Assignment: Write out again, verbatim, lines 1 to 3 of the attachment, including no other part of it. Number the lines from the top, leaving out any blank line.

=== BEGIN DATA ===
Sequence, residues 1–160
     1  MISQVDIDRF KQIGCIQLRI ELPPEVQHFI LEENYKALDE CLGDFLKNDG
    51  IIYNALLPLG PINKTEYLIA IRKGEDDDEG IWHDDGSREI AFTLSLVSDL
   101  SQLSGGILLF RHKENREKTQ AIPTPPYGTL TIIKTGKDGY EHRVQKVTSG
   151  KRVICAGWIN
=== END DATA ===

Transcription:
Sequence, residues 1–160
     1  MISQVDIDRF KQIGCIQLRI ELPPEVQHFI LEENYKALDE CLGDFLKNDG
    51  IIYNALLPLG PINKTEYLIA IRKGEDDDEG IWHDDGSREI AFTLSLVSDL